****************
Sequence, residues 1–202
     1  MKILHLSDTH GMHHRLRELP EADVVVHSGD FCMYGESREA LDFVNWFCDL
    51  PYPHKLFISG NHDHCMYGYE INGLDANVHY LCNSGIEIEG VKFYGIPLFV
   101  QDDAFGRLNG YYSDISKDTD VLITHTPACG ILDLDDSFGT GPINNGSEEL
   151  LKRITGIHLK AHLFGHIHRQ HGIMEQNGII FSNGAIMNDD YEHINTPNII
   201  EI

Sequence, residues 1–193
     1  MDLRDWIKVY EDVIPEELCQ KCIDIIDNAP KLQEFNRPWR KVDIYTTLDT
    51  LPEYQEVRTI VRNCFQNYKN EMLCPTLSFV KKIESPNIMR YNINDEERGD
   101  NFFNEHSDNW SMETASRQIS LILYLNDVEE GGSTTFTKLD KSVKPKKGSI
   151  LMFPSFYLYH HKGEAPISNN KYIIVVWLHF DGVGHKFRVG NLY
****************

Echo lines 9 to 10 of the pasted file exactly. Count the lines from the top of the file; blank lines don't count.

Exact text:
    51  LPEYQEVRTI VRNCFQNYKN EMLCPTLSFV KKIESPNIMR YNINDEERGD
   101  NFFNEHSDNW SMETASRQIS LILYLNDVEE GGSTTFTKLD KSVKPKKGSI